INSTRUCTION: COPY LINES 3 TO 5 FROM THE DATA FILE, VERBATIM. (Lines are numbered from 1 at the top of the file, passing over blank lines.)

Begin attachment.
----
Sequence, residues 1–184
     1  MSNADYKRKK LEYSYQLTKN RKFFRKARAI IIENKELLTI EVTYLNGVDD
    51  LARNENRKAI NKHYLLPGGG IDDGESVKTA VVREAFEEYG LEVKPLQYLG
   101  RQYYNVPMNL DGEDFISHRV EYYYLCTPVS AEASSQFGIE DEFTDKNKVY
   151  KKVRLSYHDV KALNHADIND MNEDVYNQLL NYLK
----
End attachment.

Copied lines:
    51  LARNENRKAI NKHYLLPGGG IDDGESVKTA VVREAFEEYG LEVKPLQYLG
   101  RQYYNVPMNL DGEDFISHRV EYYYLCTPVS AEASSQFGIE DEFTDKNKVY
   151  KKVRLSYHDV KALNHADIND MNEDVYNQLL NYLK